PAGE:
Remember those annoying early cell phones that would squawk and let their owners speak out loud to each other like they were using World War II-era field phones and annoy everyone around them? Well, that feature is coming to Microsoft Teams! OK, not really. But Microsoft did reveal this week that it is bringing a feature called Walkie Talkie to Teams that it says is a “push-to-talk experience” that lets users communicate by voice securely using employee- or company-owned smartphones and tablets. Walkie Talkie works over Wi-Fi or cellular data, so it can be used across geographic locations, and it will be available in private preview sometime in the first half of 2020. Squawk!

“Satya Nadella credits Steve Ballmer for pushing Microsoft into the cloud”

Well, right. Also, the sky is blue.

Alphabet cross the $1 trillion market cap threshold

This week, Google parent company Alphabet joined Apple, Microsoft, and Amazon in the $1 trillion market cap club when its shares closed at $1,450.16 last night. It’s an amazing milestone, especially given the tech backlash that is dragging the company down in various antitrust battles. And, perhaps as dramatic, the incredible internal turmoil that is threatening to tear the once-quirky company apart. Founders Larry Page and Sergey Brin are stepping down from day-to-day roles running the company. And employees are organizing—and being fired for it—because of sexual harassment charges against executives, Google’s work with the military, and Google’s firm stance against unions. But we do live in an anti-truth age of fake news. Maybe shareholders don’t see any of this or care. And simply want Google, especially, to keep pumping out its privacy-violating advertising.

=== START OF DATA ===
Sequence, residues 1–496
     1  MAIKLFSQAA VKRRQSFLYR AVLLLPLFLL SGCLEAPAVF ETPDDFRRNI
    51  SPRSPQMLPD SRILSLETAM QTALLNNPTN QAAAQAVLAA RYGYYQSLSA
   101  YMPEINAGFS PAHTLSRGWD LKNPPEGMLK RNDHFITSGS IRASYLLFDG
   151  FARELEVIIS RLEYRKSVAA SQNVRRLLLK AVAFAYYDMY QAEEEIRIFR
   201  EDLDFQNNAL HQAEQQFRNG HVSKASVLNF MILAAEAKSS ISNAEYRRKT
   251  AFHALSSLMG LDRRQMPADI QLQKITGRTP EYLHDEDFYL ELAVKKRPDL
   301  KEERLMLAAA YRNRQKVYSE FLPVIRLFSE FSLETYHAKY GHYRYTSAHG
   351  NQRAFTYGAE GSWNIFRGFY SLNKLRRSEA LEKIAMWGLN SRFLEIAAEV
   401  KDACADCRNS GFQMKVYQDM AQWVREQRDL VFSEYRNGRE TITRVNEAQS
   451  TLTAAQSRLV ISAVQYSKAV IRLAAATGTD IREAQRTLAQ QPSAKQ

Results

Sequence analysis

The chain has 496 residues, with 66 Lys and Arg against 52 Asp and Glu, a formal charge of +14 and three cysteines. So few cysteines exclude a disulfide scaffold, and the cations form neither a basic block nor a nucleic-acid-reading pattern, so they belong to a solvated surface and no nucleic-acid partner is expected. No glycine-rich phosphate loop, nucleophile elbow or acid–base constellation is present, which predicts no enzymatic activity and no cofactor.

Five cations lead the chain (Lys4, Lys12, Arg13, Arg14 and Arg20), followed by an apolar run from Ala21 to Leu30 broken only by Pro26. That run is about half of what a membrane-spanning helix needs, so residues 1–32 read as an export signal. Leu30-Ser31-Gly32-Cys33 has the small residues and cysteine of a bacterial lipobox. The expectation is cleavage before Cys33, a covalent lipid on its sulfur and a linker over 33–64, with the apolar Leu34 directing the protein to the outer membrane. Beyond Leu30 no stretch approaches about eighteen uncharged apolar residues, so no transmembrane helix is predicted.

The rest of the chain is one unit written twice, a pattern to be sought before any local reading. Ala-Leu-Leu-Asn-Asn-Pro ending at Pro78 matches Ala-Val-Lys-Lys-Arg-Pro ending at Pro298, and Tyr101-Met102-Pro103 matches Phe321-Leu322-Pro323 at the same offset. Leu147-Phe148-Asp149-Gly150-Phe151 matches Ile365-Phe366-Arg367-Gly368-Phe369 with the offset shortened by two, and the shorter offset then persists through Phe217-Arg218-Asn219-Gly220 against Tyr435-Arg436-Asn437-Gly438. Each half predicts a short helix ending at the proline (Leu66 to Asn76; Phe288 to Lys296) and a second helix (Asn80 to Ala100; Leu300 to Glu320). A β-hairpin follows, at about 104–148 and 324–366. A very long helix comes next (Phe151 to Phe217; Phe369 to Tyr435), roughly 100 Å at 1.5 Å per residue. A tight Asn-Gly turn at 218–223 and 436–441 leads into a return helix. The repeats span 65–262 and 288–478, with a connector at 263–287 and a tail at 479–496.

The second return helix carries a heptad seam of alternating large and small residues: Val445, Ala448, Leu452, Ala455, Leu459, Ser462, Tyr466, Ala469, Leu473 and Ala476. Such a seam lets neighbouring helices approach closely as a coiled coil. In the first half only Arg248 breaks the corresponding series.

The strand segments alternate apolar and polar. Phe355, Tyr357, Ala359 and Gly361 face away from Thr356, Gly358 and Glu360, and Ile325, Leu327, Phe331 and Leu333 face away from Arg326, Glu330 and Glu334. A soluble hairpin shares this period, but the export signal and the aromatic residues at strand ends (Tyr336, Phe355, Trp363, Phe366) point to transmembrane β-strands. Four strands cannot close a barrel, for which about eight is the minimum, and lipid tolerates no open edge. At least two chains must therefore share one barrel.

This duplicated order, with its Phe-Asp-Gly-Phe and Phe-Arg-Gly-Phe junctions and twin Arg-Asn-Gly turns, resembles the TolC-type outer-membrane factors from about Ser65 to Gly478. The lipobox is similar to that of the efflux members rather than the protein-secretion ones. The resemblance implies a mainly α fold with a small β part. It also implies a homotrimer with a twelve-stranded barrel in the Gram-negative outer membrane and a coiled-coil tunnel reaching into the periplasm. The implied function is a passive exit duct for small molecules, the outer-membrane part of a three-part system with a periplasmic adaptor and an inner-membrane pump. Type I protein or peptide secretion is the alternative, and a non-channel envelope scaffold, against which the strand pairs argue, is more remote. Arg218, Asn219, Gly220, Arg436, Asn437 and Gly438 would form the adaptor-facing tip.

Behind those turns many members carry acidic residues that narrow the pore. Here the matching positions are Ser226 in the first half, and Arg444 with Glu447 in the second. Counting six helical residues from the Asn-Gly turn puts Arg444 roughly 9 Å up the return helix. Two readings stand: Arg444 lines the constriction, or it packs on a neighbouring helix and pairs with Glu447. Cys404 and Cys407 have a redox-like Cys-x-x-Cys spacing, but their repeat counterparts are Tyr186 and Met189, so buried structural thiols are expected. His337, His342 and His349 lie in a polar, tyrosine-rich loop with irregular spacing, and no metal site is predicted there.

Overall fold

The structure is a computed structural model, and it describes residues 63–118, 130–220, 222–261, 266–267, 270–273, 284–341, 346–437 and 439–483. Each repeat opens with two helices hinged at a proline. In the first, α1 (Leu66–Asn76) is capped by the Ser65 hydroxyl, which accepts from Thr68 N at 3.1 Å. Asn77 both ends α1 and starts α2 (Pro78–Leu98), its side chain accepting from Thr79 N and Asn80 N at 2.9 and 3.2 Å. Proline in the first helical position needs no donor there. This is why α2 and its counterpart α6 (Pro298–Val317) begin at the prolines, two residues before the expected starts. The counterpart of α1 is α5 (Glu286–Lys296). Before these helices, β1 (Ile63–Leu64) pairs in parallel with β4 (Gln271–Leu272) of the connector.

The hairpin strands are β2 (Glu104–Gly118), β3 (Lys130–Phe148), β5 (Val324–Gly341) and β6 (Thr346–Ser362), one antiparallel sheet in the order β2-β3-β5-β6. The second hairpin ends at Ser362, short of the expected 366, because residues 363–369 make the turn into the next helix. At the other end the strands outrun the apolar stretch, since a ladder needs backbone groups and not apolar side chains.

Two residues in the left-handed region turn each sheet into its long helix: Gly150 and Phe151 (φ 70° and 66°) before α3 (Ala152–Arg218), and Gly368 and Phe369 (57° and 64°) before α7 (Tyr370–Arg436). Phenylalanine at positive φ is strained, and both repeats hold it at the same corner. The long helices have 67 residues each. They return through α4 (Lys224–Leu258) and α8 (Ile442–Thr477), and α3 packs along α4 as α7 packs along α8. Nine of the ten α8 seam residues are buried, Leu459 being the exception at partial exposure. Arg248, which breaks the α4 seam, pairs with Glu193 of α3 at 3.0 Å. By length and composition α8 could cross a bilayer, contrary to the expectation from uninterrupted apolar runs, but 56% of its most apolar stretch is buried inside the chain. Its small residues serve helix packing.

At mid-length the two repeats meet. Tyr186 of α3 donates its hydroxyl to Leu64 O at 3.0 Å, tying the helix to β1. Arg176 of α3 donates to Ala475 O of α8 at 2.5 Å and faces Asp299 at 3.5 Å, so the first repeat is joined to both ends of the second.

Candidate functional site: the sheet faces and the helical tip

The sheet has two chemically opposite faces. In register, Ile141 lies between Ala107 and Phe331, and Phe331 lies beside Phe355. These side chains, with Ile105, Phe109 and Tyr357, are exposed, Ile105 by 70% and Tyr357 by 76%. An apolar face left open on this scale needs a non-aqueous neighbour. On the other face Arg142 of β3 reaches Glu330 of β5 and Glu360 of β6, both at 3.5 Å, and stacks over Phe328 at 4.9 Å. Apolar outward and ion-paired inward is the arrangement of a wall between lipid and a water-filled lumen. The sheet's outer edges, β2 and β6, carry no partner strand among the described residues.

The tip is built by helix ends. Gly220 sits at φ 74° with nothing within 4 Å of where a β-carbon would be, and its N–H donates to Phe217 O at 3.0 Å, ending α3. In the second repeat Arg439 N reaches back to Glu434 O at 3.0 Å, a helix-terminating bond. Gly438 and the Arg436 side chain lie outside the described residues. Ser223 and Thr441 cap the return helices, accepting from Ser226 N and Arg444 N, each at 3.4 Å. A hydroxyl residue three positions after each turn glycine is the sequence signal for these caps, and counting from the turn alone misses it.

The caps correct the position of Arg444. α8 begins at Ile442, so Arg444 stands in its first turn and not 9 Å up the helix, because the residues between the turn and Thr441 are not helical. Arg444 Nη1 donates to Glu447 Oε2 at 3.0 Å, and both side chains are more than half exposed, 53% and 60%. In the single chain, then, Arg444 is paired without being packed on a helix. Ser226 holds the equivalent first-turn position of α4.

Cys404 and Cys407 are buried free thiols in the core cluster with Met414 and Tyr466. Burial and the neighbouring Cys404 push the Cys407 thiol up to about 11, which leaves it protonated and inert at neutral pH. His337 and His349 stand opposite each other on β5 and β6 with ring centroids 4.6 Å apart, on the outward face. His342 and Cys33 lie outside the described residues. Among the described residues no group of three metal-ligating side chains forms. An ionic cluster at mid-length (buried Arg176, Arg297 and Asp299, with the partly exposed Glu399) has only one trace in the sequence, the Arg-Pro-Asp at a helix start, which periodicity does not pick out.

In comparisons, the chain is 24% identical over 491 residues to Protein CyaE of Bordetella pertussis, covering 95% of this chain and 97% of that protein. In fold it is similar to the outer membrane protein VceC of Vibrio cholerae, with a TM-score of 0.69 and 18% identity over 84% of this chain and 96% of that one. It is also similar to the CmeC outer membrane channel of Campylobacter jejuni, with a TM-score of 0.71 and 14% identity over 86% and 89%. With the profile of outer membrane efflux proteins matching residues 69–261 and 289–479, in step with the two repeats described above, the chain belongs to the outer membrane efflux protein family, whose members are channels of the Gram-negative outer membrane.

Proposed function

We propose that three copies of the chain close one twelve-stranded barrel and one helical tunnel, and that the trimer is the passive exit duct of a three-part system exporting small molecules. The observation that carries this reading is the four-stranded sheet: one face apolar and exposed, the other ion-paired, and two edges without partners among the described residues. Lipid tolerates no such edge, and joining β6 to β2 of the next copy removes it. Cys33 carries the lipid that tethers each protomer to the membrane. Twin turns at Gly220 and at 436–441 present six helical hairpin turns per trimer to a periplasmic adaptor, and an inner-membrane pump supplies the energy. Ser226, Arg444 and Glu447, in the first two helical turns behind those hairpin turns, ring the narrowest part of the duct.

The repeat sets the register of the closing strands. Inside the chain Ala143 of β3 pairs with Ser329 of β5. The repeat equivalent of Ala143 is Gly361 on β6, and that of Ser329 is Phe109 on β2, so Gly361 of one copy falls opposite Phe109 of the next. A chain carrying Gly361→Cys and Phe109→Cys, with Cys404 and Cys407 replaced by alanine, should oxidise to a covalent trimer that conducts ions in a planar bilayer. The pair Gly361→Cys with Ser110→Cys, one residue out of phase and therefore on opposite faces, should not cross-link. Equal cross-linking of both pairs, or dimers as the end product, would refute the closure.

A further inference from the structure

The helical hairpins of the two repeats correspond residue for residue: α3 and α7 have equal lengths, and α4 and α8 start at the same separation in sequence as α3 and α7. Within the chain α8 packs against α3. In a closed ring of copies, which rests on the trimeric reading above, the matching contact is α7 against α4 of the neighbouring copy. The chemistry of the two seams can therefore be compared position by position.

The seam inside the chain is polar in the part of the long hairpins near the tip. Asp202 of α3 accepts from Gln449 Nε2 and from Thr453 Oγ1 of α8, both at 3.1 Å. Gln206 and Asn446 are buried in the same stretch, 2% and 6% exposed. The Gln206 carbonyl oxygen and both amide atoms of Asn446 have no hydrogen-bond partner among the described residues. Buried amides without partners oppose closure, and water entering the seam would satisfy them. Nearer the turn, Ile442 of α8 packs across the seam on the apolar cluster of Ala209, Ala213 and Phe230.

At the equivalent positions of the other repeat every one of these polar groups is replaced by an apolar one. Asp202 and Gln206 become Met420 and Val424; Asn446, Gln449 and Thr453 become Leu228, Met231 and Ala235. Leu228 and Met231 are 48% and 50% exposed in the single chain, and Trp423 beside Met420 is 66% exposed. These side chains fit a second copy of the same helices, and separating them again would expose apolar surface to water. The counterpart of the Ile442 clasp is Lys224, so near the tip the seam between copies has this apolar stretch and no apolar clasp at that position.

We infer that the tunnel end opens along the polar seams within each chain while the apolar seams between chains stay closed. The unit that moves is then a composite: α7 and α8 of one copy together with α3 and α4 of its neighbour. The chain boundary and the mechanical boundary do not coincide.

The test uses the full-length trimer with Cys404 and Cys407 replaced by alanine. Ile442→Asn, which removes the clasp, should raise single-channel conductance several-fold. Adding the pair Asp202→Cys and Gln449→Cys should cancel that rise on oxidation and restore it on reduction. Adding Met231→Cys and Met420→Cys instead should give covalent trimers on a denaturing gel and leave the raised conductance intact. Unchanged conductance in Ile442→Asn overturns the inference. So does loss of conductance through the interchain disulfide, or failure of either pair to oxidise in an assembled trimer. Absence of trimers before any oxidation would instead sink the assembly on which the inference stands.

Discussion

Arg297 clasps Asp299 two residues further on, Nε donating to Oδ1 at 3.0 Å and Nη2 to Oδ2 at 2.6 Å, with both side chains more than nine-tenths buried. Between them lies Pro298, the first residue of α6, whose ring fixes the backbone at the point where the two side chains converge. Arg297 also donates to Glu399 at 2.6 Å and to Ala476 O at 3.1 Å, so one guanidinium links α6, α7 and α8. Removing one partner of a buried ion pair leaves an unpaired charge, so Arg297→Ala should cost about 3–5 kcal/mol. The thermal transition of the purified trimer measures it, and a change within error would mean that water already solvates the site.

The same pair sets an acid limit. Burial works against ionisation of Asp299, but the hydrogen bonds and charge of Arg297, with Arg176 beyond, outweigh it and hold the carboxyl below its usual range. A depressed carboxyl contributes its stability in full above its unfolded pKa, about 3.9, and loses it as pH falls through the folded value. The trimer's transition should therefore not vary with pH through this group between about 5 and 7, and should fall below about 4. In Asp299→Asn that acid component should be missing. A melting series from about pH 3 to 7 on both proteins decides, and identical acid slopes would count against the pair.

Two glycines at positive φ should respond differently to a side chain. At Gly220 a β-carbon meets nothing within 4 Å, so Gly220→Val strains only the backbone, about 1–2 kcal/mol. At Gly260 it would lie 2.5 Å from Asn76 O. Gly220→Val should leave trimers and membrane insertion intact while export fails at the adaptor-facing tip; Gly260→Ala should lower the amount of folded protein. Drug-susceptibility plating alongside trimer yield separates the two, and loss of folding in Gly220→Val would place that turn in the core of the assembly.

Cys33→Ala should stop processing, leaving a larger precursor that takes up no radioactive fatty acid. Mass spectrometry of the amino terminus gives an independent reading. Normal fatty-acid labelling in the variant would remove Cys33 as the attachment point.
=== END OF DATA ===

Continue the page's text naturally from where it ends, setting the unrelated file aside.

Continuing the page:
“Google makes it easier to silence your Chrome tabs”

Easier than CTRL + w?

Apple Buys an AI Startup for $200 Million

Geekwire reports that Apple has paid $200 million to acquire an AI startup called Xnor.ai, which is interesting on at least a few levels. The first, of course, is that Apple is quietly snapping up companies with AI expertise in order to bolster its on-device AI capabilities; this makes sense since Apple doesn’t have a rich history of building out its own AI like competitors like Google and Microsoft. “We’ve been able to scale AI out of the cloud to every device out there,” Xnor.ai co-founder Ali Farhadi told GeekWire back in 2018. But the second, and this is more interesting to me, is that Xnor.ai was spun out of the Allen Institute for Artificial Intelligence (A12). Which was, of course, created by Microsoft co-founder Paul Allen, who sadly passed away in 2018. A12 had previously spun out a startup called Kitt.ai, which was acquired by the Chinese search giant Baidu in 2017 for an undisclosed sum. Not everything Allen touched turned to gold, of course. Just most of it.

“Forget Apple’s iPhone 11, This Is The Smartphone To Buy”

Please say it’s an iPhone 11 Pro. And yes, this same idiot used this same headline before.

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Paul Thurrott is an award-winning technology journalist and blogger with over 20 years of industry experience and the author of over 25 books. He is the News Director for the Petri IT Knowledgebase, the major domo at Thurrott.com, and the co-host of three tech podcasts: Windows Weekly with Leo Laporte and Mary Jo Foley, What the Tech with Andrew Zarian, and First Ring Daily with Brad Sams. He was formerly the senior technology analyst at Windows IT Pro and the creator of the SuperSite for Windows.